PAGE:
By: A.M., IANtB Science Editor
Another government cosleeping policy FAIL…This time, in Indiana.
Tippecanoe County, Indiana Coroner Donna Avolt, despite having no medical or science degrees, has taken it upon herself to make recommendations to the public regarding cosleeping (we assume the journalists covering this story are referring to bed sharing) in the wake of a bed sharing-related death of a four month-old infant in the Tippecanoe city of Lafayette.
Whenever you hear about a bed sharing-related death, it is important to make sure you have all the information first. Avolt failed to share important details about the circumstances surrounding the infant’s death, such as parental lifestyle habits such as drinking or drug use, or the characteristics of the cosleeping environment in which the infant was found. Interestingly, the Lafayette Journal and Courier reports that the results of a police search of the home where the infant died led investigators to request permission from a judge to go back to the house and do a broader search for drug paraphernalia and other supplies that could be used to manage a drug-dealing operation. Drugs and alcohol are known risk factors for overlay and infant suffocation. Socio-economic status and mode of feeding are also important factors in sleep-related infant deaths. This coroner is drawing conclusions about this infant’s death before the investigation is finished, and before toxicology results are back. Very scientific.
It is further apparent that Avolt failed to conduct even a marginal amount of research. If she had, she’d have noticed that one of the world’s leading infant sleep researchers, James McKenna, has a laboratory in the next county over. McKenna, Rev. Edmund P. Joyce, C.S.C. Endowed Chair in Anthropology at the University of Notre Dame and AAAS fellow, has been researching infant sleep architecture and mother-infant cosleeping for over 30 years. In a 2008 article, he explicitly states,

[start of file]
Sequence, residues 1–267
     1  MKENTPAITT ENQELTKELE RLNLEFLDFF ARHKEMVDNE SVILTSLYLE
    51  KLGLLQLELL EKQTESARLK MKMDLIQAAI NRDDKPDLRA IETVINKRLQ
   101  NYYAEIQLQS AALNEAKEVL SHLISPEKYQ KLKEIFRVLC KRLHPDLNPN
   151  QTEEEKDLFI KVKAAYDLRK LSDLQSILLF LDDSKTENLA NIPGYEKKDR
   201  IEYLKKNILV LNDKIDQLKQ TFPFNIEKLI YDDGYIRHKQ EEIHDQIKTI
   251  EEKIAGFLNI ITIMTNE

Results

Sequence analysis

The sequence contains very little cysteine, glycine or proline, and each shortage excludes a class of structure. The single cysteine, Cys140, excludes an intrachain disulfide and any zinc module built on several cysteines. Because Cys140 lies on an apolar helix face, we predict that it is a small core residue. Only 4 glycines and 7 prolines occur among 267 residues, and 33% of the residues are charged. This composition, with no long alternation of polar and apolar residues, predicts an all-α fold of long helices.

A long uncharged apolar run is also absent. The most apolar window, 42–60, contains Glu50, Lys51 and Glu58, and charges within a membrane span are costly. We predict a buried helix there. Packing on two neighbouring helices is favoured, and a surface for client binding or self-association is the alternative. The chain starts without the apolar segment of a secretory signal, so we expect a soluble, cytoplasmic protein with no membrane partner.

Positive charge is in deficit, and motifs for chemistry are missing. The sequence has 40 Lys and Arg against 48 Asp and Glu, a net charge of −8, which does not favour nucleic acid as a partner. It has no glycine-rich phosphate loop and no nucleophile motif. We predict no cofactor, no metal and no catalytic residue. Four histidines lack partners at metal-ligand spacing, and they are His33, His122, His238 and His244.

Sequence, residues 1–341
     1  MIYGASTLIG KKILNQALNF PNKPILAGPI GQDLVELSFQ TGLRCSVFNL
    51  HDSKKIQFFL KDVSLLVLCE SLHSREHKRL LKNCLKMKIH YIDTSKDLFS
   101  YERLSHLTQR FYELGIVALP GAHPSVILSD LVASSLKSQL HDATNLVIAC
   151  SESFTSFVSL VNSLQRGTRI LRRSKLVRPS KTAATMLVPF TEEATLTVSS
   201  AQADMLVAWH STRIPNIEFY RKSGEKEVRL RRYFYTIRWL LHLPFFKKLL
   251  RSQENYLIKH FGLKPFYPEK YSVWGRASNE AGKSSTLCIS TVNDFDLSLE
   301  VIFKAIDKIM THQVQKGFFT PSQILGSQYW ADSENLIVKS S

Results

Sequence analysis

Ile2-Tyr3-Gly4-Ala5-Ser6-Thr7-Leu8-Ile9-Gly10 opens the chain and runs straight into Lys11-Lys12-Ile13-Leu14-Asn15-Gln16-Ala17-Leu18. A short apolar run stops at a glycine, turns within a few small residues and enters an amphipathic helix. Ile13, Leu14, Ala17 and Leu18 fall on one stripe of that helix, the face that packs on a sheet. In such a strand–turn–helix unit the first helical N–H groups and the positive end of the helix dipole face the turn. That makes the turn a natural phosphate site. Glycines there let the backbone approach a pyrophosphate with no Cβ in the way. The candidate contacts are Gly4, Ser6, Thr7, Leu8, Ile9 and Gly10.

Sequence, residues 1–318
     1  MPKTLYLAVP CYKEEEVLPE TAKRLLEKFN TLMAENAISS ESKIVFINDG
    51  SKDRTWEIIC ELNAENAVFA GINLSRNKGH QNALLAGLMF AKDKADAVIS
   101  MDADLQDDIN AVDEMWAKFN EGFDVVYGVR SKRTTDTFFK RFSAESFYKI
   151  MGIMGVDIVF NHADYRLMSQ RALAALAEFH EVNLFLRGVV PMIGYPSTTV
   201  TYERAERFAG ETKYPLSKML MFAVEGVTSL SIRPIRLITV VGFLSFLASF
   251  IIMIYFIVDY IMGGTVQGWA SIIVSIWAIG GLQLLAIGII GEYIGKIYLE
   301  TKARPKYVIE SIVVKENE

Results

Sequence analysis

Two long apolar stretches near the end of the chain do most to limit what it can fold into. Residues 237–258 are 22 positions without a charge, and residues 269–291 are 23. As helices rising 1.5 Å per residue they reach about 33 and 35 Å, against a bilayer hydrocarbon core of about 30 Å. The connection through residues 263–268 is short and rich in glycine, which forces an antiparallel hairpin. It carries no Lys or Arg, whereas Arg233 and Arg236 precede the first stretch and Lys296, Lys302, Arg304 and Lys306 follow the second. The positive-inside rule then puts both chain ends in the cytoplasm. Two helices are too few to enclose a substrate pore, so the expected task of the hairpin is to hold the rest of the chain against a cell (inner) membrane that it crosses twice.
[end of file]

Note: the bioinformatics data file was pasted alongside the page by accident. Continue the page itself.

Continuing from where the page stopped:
Indeed, no legitimate SIDS researcher nor forensic pathologist should render a judgment that a baby was suffocated without an extensive toxiological report and death scene investigation including information from the mother concerning what her thoughts are on what might or could have happened.
Unfortunately, Indiana has a terrible track record regarding its public policy on cosleeping. Past anti-cosleeping campaigns in Indiana have featured shock-value dramatics and broad-sweeping commands to “Never sleep with your baby” and to “Put your baby to sleep alone.” The Indiana Department of Child Services inaccurately tells parents that bed sharing increases risk of SIDS, when it is known that most SIDS deaths occur in relation to solitary, completely unsupervised sleep. Even it’s state-funded Indiana Perinatal Network, which supports breastfeeding coalitions at the local level, has a long-running relationship with the First Candle organization, which is adamantly against bedsharing and shows no interest in educating parents about how to bedshare safely.
This news comes on the heels of this weekend’s meeting of the Academy of Breastfeeding Medicine, where experts discussed new recommendations for safe sleep for infants, including new AAP recommendations that are in the works. These new recommendations are based on research findings indicating that current approaches are not effective, and are arguably making the situation worse. Having been told not to fall asleep in bed with their infants, parents are now attempting — and failing — to “not fall asleep” in chairs and on couches. Researchers like physician Fern Hauck of the University of Virginia School of Medicine are now saying that recommending parents not fall asleep with their infants on a couch or chair is more effective than recommending they not bedshare.